In 1716, English astronomer Edmond Halley noted, "This is but a little Patch, but it shows itself to the naked Eye, when the Sky is serene and the Moon absent." Of course, M13 is now less modestly recognized as the Great Globular Cluster in Hercules, one of the brightest globular star clusters in the northern sky. Sharp telescopic views like this one reveal the spectacular cluster's hundreds of thousands of stars. At a distance of 25,000 light-years, the cluster stars crowd into a region 150 light-years in diameter. Approaching the cluster core upwards of 100 stars could be contained in a cube just 3 light-years on a side. For comparison, the closest star to the Sun is over 4 light-years away. The remarkable range of brightness recorded in this image follows stars into the dense cluster core. Distant background galaxies in the medium-wide field of view include NGC 6207 at the upper left.

What created the unusual halo around the Cat's Eye nebula? No one is sure. What is sure is that the Cat's Eye Nebula (NGC 6543) is one of the best known planetary nebulae on the sky. Although haunting symmetries are seen in the bright central region, this image was taken to feature its intricately structured outer halo, which spans over three light-years across. Planetary nebulae have long been appreciated as a final phase in the life of a Sun-like star. Only recently however, have some planetaries been found to have expansive halos, likely formed from material shrugged off during earlier puzzling episodes in the star's evolution. While the planetary nebula phase is thought to last for around 10,000 years, astronomers estimate the age of the outer filamentary portions of the Cat's Eye Nebula's halo to be 50,000 to 90,000 years.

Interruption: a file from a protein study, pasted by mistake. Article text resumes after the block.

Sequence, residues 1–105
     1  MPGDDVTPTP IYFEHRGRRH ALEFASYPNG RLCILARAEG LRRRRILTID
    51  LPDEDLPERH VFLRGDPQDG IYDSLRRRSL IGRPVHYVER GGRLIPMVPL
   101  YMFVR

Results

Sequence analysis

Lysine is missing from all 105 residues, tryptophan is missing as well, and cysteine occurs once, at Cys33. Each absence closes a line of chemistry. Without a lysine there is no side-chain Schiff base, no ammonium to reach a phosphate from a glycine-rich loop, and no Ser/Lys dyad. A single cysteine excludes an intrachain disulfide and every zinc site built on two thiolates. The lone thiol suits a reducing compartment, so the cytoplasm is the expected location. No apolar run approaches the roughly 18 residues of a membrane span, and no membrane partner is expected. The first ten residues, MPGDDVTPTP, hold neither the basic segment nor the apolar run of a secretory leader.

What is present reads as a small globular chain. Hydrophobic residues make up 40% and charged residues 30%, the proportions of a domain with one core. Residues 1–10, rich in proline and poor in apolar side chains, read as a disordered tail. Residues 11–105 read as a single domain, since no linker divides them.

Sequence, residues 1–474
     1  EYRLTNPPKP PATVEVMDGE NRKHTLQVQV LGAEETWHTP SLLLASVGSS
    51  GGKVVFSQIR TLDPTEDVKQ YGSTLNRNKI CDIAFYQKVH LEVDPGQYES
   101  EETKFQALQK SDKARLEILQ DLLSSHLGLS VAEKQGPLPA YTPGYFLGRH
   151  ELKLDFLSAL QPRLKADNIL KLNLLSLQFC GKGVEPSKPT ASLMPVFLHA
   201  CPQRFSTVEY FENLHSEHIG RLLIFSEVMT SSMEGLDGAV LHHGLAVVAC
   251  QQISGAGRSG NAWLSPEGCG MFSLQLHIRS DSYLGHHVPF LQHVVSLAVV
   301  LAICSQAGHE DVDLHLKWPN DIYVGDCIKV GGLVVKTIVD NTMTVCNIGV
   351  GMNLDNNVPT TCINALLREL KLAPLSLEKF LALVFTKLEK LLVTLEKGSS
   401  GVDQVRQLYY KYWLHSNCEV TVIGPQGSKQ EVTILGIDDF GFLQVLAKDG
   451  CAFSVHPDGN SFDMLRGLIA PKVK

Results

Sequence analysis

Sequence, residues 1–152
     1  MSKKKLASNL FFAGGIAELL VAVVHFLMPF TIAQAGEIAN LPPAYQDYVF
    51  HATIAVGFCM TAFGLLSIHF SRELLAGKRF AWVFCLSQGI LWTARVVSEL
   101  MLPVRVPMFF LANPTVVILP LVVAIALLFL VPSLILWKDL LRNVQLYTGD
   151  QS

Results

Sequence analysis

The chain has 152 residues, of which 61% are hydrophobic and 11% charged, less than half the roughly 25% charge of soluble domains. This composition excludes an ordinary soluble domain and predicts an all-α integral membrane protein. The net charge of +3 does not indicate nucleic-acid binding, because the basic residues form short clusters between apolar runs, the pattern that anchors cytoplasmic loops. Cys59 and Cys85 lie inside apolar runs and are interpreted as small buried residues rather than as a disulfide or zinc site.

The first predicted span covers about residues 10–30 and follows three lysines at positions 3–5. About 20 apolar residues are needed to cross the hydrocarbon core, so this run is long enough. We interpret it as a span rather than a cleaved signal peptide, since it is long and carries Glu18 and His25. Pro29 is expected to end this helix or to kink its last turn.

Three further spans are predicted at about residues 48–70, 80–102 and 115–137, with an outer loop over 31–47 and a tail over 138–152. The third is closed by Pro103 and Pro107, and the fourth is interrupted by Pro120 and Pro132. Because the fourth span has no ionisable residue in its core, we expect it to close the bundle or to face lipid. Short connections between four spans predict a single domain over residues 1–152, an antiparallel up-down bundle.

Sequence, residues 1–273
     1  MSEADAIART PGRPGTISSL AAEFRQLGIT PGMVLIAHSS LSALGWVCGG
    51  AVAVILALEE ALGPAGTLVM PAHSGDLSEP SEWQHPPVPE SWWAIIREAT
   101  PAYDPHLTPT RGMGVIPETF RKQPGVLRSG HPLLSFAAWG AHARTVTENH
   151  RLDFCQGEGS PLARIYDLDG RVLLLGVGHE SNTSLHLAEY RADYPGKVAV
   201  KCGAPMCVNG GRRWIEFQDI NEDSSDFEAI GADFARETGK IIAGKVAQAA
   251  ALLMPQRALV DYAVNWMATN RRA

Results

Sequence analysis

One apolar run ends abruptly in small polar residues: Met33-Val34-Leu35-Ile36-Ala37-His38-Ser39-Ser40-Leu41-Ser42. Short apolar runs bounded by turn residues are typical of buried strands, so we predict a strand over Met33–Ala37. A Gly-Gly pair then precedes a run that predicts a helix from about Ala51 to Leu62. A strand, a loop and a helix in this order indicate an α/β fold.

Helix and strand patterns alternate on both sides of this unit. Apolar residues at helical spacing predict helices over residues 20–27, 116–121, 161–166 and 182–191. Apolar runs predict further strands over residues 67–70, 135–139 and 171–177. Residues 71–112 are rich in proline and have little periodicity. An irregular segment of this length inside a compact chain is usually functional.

A star cluster around 2 million years young surrounded by natal clouds of dust and glowing gas, Messier 16 (M16) is also known as The Eagle Nebula. This beautifully detailed image of the region adopts the colorful Hubble palette and includes cosmic sculptures made famous in Hubble Space Telescope close-ups of the starforming complex. Described as elephant trunks or Pillars of Creation, dense, dusty columns rising near the center are light-years in length but are gravitationally contracting to form stars. Energetic radiation from the cluster stars erodes material near the tips, eventually exposing the embedded new stars. Extending from the ridge of bright emission left of center is another dusty starforming column known as the Fairy of Eagle Nebula. M16 lies about 7,000 light-years away, an easy target for binoculars or small telescopes in a nebula rich part of the sky toward the split constellation Serpens Cauda (the tail of the snake). As framed, this telescopic portrait of the Eagle Nebula is about 70 light-years across.